## Introduction to Solid State Physicsproblems after each chapter. |

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The

rather tedious, and instead we shall treat fairly completely the theory of crystals in

two dimensions, with a

in three dimensions. • • • • • (a) Space lattice O o (b) Basis, containing two

different ions O O O O O o* o* o* o* o* o o o o o o* o- o* o* o* o o o o o o" o* o* o"

o* o o o o o o o o o o (c) Crystal structure Fig. 1.1. The crystal structure (c) may be

considered ...

The

**discussion**of the symmetry of crystals in three dimensions can becomerather tedious, and instead we shall treat fairly completely the theory of crystals in

two dimensions, with a

**discussion**of only a few important examples of structuresin three dimensions. • • • • • (a) Space lattice O o (b) Basis, containing two

different ions O O O O O o* o* o* o* o* o o o o o o* o- o* o* o* o o o o o o" o* o* o"

o* o o o o o o o o o o (c) Crystal structure Fig. 1.1. The crystal structure (c) may be

considered ...

Page 79

Table 3.3 gives a comparison of the observed binding energies of a number of

ionic crystals with the calculated values of Slater obtained by using values of n

derived from compressibility data. The results of rather more refined calculations

by Mayer and collaborators are also given. For a

which the experimental values are obtained from thermochemical data, and the

use of the Born-Haber cycle in this connection, the reader is referred to the

review article ...

Table 3.3 gives a comparison of the observed binding energies of a number of

ionic crystals with the calculated values of Slater obtained by using values of n

derived from compressibility data. The results of rather more refined calculations

by Mayer and collaborators are also given. For a

**discussion**of the methods bywhich the experimental values are obtained from thermochemical data, and the

use of the Born-Haber cycle in this connection, the reader is referred to the

review article ...

Page 176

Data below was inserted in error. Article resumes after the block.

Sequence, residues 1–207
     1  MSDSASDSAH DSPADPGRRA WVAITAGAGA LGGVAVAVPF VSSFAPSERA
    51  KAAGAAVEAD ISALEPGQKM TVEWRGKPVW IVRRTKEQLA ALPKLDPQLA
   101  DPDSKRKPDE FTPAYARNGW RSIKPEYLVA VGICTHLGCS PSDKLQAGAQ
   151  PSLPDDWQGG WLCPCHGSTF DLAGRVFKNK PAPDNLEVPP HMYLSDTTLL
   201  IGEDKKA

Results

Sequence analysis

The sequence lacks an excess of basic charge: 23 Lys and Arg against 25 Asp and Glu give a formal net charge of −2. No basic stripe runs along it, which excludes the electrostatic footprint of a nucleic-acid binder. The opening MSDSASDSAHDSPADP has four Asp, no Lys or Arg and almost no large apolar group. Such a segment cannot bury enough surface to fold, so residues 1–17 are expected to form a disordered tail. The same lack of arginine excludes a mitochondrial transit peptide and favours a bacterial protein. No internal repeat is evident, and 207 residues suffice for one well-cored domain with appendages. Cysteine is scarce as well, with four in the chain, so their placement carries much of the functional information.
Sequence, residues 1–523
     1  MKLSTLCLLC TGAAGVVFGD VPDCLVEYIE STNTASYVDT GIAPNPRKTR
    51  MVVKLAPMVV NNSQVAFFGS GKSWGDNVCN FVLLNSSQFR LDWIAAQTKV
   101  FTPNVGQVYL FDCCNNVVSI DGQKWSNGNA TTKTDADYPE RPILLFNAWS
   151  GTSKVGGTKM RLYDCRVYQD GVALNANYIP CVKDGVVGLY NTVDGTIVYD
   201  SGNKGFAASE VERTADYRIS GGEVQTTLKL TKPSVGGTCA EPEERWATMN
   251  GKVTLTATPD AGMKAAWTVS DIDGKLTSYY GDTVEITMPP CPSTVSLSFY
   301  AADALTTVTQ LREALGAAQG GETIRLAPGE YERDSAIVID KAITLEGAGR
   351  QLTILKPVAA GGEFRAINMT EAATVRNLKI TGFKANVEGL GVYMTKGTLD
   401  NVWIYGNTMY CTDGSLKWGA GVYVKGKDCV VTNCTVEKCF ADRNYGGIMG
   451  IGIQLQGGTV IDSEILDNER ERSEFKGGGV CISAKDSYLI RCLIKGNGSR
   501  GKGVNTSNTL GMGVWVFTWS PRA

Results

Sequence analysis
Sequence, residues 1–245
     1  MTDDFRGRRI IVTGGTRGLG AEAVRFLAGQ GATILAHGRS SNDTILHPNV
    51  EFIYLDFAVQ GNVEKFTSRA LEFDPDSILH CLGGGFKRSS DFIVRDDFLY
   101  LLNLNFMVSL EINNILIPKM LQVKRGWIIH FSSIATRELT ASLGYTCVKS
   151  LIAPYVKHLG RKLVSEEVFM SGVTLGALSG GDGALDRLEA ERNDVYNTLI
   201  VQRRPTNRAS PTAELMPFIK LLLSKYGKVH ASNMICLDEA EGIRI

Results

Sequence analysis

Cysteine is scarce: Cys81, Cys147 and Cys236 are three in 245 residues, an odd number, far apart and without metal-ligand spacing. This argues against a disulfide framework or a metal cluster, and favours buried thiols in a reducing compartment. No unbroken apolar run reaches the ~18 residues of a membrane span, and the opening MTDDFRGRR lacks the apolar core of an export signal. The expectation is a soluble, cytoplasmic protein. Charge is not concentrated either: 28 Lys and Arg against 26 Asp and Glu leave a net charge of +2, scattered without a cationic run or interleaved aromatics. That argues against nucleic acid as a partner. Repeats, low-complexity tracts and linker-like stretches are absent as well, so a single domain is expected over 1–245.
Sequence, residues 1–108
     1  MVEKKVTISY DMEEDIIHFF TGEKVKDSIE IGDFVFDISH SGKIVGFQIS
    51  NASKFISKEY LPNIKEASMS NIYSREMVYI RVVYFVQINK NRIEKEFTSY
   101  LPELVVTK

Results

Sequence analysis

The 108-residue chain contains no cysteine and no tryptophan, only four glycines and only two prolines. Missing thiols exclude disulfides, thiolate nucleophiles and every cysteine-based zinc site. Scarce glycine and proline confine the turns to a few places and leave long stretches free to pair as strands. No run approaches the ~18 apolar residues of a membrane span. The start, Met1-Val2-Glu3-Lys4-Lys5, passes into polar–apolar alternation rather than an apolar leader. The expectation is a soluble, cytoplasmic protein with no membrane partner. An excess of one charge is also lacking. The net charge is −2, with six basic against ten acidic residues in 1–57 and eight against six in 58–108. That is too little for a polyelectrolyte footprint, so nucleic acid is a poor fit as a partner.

DEBYE RELAXATION TIME Debye12 has given an elegant

dielectric relaxation in polar liquids and in solutions of polar molecules in non-

polar solvents; his central result is that the orientational part of the polarizability

depends on frequency as (7.35) a = — 1 + low- where t is the relaxation time and

a0 is the static orientational polarizability. Debye has suggested further that in

liquids the relaxation time is related to the viscosity rj by the approximate relation

(7.36) t = 4rr ...

DEBYE RELAXATION TIME Debye12 has given an elegant

**discussion**ofdielectric relaxation in polar liquids and in solutions of polar molecules in non-

polar solvents; his central result is that the orientational part of the polarizability

depends on frequency as (7.35) a = — 1 + low- where t is the relaxation time and

a0 is the static orientational polarizability. Debye has suggested further that in

liquids the relaxation time is related to the viscosity rj by the approximate relation

(7.36) t = 4rr ...

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### Contents

DIFFRACTION OF XRAYS BY CRYSTALS | 44 |

CLASSIFICATION OF SOLIDS LATTICE ENERGY | 63 |

ELASTIC CONSTANTS OF CRYSTALS | 85 |

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absorption acceptors alkali alloy approximately atoms axes axis barium titanate boundary Bragg Brillouin zone calculated chapter charge conduction band conduction electrons crystal structure cube cubic Curie point Debye density dielectric constant diffraction diffusion dipole direction discussion dislocation distribution domain effective mass elastic electric field energy equation equilibrium exciton experimental F centers factor Fermi ferroelectric ferromagnetic free electron frequency germanium given heat capacity hexagonal holes impurity interaction ionization ions lattice constant lattice point levels low temperatures magnetic field metals molecules motion nearest neighbor normal observed orbital p-n junction paramagnetic particles phonons Phys physics plane polarizability polarization positive potential Proc recombination region resonance result room temperature rotation semiconductor Shockley shown in Fig sodium chloride solid solution space group specimen spin superconducting surface susceptibility symmetry Table theory thermal tion transistor transition unit volume vacancies valence band values vector velocity wave functions wavelength x-ray zero